Saputra RP, Rakicevic N, Kuder I, et al., 2021, ResQbot 2.0: an improved design of a mobile rescue robot with an inflatable neck securing device for safe casualty extraction, Applied Sciences, Vol: 11, Pages: 1-18, ISSN: 2076-3417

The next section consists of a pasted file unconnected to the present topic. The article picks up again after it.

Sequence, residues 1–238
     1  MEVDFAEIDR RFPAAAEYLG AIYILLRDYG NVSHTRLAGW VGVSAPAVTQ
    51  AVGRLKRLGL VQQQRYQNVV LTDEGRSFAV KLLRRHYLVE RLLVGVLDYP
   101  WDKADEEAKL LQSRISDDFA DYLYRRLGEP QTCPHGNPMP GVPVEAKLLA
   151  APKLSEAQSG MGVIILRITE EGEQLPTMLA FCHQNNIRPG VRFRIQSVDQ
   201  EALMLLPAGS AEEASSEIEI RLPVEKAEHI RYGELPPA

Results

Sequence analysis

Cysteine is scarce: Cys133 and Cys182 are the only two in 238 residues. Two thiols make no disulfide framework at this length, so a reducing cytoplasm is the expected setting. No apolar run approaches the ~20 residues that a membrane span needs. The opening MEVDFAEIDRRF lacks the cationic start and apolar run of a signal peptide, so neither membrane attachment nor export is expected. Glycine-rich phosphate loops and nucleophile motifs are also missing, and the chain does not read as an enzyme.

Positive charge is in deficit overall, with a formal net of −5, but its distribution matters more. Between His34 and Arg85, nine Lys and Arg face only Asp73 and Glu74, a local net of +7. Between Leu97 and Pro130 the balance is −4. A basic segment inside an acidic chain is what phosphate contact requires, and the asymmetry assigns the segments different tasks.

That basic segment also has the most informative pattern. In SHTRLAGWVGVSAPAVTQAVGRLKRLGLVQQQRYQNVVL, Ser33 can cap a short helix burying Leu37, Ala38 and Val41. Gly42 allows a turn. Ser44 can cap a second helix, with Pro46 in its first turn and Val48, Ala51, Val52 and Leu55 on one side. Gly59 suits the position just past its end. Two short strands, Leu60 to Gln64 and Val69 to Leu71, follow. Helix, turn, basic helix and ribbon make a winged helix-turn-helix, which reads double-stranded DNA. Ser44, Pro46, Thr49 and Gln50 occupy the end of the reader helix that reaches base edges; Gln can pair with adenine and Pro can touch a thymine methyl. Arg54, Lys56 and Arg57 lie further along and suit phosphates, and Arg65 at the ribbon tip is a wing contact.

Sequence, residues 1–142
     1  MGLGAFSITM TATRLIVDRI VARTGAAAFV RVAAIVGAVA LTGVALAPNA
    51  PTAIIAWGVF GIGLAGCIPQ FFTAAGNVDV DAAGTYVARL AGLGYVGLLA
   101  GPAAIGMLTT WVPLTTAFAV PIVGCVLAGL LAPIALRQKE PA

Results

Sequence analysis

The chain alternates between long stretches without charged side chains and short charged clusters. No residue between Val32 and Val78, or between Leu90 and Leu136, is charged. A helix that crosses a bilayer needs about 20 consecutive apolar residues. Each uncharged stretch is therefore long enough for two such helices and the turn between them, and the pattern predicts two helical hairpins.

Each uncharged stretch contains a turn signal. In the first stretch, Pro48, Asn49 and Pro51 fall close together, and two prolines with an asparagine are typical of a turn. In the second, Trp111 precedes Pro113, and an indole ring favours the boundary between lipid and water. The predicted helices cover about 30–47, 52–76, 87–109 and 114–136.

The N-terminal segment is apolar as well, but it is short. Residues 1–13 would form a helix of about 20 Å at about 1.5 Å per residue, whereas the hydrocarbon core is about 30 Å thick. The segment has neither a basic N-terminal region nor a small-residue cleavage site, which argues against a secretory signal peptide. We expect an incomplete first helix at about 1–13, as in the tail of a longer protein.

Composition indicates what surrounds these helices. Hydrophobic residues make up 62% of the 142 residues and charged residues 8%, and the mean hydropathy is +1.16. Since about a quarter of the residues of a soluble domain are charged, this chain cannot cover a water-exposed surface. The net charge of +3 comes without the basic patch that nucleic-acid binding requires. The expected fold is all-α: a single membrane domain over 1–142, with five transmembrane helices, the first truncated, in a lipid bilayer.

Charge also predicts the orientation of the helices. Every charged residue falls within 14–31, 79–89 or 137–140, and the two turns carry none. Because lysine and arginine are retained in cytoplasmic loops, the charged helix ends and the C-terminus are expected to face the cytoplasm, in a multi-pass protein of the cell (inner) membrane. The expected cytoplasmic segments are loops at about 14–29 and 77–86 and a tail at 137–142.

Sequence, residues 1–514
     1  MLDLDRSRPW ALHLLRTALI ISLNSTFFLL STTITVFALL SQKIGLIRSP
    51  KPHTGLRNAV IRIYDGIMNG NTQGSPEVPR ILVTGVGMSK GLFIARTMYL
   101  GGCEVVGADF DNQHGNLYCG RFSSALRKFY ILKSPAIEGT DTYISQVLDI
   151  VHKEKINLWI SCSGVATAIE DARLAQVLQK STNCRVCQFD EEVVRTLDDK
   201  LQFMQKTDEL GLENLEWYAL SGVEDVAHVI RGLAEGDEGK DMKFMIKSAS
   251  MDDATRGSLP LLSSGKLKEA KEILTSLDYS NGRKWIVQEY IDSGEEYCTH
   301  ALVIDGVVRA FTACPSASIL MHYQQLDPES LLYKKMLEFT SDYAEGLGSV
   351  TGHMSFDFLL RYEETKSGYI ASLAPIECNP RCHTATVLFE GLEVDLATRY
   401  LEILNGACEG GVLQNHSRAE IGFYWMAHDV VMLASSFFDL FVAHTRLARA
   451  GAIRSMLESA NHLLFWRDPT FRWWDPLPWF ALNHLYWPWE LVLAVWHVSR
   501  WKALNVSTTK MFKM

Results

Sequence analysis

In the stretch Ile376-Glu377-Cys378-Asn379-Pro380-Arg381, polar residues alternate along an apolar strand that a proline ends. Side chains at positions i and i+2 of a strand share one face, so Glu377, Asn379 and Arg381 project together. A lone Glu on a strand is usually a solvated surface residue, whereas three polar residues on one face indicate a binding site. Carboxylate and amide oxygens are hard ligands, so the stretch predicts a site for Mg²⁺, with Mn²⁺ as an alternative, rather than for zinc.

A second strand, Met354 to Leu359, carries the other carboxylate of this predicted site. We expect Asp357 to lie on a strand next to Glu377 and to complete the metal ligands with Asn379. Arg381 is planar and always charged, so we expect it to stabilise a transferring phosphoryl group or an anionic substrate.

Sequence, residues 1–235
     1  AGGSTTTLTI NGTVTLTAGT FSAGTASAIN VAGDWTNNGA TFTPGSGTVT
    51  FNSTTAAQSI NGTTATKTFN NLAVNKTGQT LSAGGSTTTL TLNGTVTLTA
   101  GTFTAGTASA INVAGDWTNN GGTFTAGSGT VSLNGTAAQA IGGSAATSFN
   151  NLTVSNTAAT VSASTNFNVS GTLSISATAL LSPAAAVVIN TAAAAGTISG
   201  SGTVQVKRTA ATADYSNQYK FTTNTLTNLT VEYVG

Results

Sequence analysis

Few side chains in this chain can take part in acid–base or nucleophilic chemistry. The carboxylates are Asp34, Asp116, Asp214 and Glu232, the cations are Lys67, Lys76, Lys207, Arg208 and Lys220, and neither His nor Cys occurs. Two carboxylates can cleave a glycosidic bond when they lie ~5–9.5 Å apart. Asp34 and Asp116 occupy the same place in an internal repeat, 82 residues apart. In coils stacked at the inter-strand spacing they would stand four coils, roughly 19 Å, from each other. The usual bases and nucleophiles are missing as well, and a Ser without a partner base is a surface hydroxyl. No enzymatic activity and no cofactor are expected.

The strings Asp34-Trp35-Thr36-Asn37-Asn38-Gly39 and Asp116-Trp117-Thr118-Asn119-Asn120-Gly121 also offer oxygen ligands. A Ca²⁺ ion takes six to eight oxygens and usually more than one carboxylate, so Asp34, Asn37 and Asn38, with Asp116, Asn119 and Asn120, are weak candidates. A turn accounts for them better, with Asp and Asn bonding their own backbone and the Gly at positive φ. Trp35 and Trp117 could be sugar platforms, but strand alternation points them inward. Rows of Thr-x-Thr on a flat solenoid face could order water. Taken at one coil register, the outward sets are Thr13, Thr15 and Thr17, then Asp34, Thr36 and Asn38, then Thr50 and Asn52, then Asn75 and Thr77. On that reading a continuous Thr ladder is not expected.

Despite the fact that a large number of research studies have been conducted in the field of searchand rescue robotics, significantly little attention has been given to the development of rescue robotscapable of performing physical rescue interventions, including loading and transporting victims toa safe zone—i.e. casualty extraction tasks. The aim of this study is to develop a mobile rescue robotthat could assist first responders when saving casualties from a danger area by performing a casualty extraction procedure, whilst ensuring that no additional injury is caused by the operation andno additional lives are put at risk. In this paper, we present a novel design of ResQbot 2.0—a mobilerescue robot designed for performing the casualty extraction task. This robot is a stretcher-type casualty extraction robot, which is a significantly improved version of the initial proof-of-concept prototype, ResQbot (retrospectively referred to as ResQbot 1.0), that has been developed in our previous work. The proposed designs and development of the mechanical system of ResQbot 2.0, as wellas the method for safely loading a full body casualty onto the robot’s ‘stretcher bed’, are describedin detail based on the conducted literature review, evaluation of our previous work and feedbackprovided by medical professionals. To verify the proposed design and the casualty extraction procedure, we perform simulation experiments in Gazebo physics engine simulator. The simulationresults demonstrate the capability of ResQbot 2.0 to successfully carry out safe casualty extractions